Pathological changes in dopaminergic nerve cells of the substantia nigra and olfactory bulb in mice transgenic for truncated human alpha-synuclein(1-120): implications for Lewy body disorders.
Tofaris GK., Garcia Reitböck P., Humby T., Lambourne SL., O'Connell M., Ghetti B., Gossage H., Emson PC., Wilkinson LS., Goedert M., Spillantini MG.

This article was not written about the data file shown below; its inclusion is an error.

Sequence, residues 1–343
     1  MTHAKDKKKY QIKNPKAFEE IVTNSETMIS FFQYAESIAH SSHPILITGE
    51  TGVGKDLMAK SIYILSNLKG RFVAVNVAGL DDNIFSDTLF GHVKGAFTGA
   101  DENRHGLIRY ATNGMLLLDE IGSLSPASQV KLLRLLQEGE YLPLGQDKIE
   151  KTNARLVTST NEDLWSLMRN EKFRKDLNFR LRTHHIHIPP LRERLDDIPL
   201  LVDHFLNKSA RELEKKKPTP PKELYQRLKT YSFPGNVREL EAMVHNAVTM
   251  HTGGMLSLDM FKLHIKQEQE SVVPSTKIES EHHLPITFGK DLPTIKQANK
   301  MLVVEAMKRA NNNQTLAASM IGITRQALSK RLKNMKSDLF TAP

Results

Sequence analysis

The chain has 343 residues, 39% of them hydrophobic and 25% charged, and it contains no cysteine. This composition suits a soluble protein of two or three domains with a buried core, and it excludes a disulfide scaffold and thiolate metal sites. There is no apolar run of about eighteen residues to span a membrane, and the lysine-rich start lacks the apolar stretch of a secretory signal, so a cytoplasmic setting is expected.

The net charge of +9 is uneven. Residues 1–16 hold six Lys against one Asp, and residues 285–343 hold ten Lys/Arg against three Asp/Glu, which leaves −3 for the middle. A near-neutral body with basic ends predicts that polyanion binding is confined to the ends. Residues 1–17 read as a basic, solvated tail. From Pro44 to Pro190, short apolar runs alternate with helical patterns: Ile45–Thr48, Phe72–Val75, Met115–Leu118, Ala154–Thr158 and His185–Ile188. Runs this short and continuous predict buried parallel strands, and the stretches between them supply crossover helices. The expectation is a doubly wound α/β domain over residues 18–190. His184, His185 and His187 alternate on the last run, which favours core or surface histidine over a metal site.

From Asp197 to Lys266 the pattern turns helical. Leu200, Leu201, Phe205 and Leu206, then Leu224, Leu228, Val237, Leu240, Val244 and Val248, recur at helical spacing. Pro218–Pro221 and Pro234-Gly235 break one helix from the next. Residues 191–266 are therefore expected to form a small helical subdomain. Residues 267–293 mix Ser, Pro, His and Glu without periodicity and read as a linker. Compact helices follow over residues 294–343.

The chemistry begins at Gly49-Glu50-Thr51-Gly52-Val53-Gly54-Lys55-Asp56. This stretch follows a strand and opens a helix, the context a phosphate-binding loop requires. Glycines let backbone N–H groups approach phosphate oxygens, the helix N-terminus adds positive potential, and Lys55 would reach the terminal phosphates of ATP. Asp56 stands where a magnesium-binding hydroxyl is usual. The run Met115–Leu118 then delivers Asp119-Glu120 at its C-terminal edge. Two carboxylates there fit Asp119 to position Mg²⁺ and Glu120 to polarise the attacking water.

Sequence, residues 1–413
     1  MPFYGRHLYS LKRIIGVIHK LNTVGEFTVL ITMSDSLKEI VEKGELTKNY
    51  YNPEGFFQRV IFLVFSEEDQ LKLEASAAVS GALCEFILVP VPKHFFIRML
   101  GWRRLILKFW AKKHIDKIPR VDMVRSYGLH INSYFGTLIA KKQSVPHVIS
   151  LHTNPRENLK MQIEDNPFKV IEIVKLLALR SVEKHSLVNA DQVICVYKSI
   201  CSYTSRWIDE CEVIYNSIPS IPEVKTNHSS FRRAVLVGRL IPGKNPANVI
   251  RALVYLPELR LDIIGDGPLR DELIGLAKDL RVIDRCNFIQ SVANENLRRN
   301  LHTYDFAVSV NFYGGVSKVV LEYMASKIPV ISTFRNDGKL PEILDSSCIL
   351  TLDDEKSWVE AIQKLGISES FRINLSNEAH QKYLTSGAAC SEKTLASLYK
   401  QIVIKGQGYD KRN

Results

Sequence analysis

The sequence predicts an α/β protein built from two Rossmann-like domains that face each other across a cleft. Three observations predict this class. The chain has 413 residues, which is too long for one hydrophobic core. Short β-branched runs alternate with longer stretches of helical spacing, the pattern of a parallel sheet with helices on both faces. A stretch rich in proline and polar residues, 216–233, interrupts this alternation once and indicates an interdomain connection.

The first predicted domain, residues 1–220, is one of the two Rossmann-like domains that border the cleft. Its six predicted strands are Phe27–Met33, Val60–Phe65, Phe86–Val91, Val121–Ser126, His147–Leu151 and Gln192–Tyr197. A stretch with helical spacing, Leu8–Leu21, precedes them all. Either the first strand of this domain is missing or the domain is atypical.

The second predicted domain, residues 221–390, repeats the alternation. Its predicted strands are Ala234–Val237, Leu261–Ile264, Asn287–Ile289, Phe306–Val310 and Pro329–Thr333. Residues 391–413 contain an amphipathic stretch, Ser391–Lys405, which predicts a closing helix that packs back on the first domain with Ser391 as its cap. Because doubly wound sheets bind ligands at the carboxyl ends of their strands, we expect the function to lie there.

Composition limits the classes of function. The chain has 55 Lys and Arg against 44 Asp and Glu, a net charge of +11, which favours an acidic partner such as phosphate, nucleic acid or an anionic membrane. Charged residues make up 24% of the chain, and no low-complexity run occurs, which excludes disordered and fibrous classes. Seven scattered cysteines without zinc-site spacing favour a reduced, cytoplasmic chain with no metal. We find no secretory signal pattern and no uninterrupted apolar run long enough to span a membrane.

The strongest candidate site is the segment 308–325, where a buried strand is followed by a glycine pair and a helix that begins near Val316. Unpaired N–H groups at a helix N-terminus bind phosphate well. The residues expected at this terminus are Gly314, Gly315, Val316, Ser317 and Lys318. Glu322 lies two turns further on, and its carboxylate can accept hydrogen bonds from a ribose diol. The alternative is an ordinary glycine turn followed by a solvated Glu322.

Dysfunction of the 140 aa protein alpha-synuclein plays a central role in Lewy body disorders, including Parkinson's disease, as well as in multiple system atrophy. Here, we show that the expression of truncated human alpha-synuclein(1-120), driven by the rat tyrosine hydroxylase promoter on a mouse alpha-synuclein null background, leads to the formation of pathological inclusions in the substantia nigra and olfactory bulb and to a reduction in striatal dopamine levels. At the behavioral level, the transgenic mice showed a progressive reduction in spontaneous locomotion and an increased response to amphetamine. These findings suggest that the C-terminal of alpha-synuclein is an important regulator of aggregation in vivo and will help to understand the mechanisms underlying the pathogenesis of Lewy body disorders and multiple system atrophy.